Diali Keba Cissokho is a kora-playing griot who was born in Senegal to a family of musicians. Thirty-one of his grandfathers played the 21 or 22-stringed bridge-harp before him, laying down an extensive legacy on the instrument. Cissokho’s own instruction began at the age of five with his father where he explored the Mandika culture of his ancestors. Today he calls North Carolina home where he plays with his band, Kaira Ba, infusing West African music with rock, funk, soul and other sounds from the African diaspora. “Kaira Ba” is a Mandika phrase which translates to “the great peace” and serves as the title of their latest release.
The colorful patchwork of the album art for The Great Peace reinforces the central theme of peace, unification and compassion found throughout the record. On most tracks Cissokho’s kora and expressive singing voice take center stage with electric guitar, bass, drum kit and percussion. The abundance of drumming on this album serves as it’s driving force. The band features two percussionists utilizing a variety of drums including dunduns, djembe, sabar, congas, sabar and thiol. When combined with Cissokho’s kora playing and John Westmoreland’s fast guitar picking, the results are emphatic. “Mbolo” offers all of this plus a tight horn section and the serene backing vocals of Hilary Stewart Cissokho. “Mbolo” translates to “unity” and calls for everyone to work together to achieve their goals despite coming from different backgrounds.
“Alanole” is one of the most unique songs on the album. It’s based on an old Mande composition entitled “Keme Burama.” While the original version tells the story of Guinean general Almami Samory Touré, this adaptation revolves around Cissoko’s late brother Khewsou. Jim Westmoreland and Gabriel Pelli’s violin playing gives this track a haunting sound enhanced by Hilary Stewart Cissokho’s beautiful backing vocals.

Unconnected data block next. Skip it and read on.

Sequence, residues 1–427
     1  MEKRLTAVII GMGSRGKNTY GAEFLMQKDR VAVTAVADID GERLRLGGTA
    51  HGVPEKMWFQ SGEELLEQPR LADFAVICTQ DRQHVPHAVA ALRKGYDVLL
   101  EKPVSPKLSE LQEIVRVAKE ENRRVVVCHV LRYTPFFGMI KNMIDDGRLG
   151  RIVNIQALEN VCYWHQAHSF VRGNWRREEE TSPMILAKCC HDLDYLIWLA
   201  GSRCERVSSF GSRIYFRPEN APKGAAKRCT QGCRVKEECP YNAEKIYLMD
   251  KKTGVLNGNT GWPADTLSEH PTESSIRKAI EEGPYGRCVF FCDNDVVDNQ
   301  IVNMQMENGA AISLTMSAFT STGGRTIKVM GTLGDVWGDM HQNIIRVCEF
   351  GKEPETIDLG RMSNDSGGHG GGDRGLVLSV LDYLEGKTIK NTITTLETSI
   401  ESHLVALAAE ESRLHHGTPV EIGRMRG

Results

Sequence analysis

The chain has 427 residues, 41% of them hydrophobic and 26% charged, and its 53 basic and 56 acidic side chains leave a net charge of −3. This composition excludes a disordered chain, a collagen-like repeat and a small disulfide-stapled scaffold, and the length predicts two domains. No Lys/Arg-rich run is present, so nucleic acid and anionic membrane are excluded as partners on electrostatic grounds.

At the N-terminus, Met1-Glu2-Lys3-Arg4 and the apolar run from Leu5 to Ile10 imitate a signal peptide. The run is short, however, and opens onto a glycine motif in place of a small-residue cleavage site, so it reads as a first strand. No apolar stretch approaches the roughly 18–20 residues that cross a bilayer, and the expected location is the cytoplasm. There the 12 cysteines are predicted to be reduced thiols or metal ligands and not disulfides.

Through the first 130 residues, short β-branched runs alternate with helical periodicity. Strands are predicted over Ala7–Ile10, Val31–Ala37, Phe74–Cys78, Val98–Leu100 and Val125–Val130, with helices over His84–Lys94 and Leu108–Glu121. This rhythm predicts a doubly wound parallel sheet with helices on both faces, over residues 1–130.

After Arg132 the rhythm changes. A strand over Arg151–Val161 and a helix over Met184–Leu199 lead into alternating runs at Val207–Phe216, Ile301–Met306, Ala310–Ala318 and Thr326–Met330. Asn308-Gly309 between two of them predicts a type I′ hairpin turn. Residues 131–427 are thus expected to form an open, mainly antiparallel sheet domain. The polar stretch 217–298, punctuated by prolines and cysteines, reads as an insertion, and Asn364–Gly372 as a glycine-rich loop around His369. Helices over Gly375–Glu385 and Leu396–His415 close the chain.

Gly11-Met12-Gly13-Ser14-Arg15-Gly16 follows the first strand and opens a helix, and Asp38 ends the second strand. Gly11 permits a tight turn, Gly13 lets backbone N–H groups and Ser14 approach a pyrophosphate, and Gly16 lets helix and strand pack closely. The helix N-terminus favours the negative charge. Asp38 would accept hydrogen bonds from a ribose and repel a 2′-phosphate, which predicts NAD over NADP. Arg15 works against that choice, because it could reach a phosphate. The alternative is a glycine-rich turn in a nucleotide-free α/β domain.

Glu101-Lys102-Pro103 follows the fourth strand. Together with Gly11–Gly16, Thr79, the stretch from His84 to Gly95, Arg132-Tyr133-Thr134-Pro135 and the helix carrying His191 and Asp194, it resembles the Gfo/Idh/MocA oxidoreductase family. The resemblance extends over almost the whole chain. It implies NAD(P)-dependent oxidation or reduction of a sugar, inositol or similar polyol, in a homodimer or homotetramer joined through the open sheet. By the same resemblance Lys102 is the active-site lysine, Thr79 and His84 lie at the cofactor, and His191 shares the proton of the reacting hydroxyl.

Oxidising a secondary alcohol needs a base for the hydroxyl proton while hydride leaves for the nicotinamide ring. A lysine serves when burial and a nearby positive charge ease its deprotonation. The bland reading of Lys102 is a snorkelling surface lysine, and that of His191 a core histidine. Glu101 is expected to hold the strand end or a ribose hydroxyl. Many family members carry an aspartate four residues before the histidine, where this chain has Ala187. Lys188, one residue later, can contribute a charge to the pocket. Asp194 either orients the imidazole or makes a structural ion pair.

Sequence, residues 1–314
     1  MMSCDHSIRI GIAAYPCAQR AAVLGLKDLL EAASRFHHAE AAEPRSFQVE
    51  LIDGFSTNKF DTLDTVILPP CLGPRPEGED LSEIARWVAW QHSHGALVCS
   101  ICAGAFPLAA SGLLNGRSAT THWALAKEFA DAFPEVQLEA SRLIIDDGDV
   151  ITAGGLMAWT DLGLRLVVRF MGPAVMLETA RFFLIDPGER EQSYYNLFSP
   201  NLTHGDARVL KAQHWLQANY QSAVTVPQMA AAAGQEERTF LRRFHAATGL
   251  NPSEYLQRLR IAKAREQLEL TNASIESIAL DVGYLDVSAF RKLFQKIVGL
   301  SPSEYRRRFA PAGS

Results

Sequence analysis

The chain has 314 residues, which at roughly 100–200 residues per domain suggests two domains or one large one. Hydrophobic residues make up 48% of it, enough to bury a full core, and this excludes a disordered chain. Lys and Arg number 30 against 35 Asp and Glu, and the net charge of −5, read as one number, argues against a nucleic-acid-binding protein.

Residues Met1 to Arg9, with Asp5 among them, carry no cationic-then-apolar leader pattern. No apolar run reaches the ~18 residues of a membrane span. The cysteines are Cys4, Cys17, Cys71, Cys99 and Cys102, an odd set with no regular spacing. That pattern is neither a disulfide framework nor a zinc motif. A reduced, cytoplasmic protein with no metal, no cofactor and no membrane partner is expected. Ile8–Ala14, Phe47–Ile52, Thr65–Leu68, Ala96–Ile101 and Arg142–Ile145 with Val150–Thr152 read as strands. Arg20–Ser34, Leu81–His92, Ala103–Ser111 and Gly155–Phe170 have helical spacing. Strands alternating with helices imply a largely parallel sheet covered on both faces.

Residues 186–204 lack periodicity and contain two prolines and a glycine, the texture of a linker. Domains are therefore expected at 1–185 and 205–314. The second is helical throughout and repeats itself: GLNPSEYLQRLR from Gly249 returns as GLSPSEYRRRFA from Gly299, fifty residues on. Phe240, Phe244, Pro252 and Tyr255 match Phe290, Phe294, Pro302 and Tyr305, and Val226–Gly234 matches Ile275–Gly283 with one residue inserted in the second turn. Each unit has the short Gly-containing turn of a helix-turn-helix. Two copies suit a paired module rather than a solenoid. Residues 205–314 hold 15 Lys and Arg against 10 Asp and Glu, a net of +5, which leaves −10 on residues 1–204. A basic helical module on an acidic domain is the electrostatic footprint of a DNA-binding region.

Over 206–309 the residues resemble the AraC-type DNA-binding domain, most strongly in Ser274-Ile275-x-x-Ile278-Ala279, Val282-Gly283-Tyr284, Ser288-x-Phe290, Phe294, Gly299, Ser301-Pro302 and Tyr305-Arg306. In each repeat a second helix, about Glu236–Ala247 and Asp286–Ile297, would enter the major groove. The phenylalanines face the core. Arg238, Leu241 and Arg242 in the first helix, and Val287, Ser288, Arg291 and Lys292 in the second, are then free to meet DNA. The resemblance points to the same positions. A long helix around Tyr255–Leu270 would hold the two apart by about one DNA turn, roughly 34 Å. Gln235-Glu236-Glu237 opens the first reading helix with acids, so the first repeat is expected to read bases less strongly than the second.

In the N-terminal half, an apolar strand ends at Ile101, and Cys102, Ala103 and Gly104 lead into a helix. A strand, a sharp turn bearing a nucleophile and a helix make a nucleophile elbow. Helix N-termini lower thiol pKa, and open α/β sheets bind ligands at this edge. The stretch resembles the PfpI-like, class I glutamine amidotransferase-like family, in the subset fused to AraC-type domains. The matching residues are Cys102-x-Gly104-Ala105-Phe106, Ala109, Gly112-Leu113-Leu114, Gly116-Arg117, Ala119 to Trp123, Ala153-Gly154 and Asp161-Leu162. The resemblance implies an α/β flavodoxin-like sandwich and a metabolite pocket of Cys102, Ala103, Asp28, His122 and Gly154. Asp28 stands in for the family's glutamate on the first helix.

In contrast, “Al Hadji” is an upbeat homage to Cissokho’s younger brother Al Hadji who passed away at the age of 23. The track begins with a dash of reflective solo guitar before kicking into a soulful tribute filled with punchy horns.
“Bamba Wotena” and “Balla Gueye” are the most up-tempo cuts on the record. “Bamba Wotena” starts slowly before it charges forward with some quick kora and warm organ. “Balla Gueye” is a percussive-driven piece that refuses to quit. The horn section adds texture to both tracks, playing off syncopated beats to great effect.
The Great Peace is a mature effort that reveals the full dynamic sound of Kaira Ba. The band sounds capable of anything and their intuitive playing offers a great platform for Diali Cissokho to build on. His strained vocals and propulsive kora playing add passion to these energetic compositions. The enthusiasm of this release makes for a rewarding listening experience. The liner notes include short descriptions of each song with interesting background information.
Originally published in RootsWorld Magazine.